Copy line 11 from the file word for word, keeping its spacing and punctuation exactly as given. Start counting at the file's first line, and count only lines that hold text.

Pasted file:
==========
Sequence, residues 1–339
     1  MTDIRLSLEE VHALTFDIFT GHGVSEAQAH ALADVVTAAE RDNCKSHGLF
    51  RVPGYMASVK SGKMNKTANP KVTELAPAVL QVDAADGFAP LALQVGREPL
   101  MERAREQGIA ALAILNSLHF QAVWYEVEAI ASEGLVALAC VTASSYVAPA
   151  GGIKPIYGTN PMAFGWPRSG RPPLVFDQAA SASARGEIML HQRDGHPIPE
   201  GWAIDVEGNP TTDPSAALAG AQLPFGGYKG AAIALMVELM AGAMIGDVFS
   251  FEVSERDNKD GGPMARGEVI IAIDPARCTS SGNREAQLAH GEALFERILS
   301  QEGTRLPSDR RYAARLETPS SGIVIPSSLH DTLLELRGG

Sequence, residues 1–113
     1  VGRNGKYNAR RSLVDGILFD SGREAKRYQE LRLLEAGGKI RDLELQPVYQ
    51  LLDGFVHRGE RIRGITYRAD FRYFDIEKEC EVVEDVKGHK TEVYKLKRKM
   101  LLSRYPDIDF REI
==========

    51  LLDGFVHRGE RIRGITYRAD FRYFDIEKEC EVVEDVKGHK TEVYKLKRKM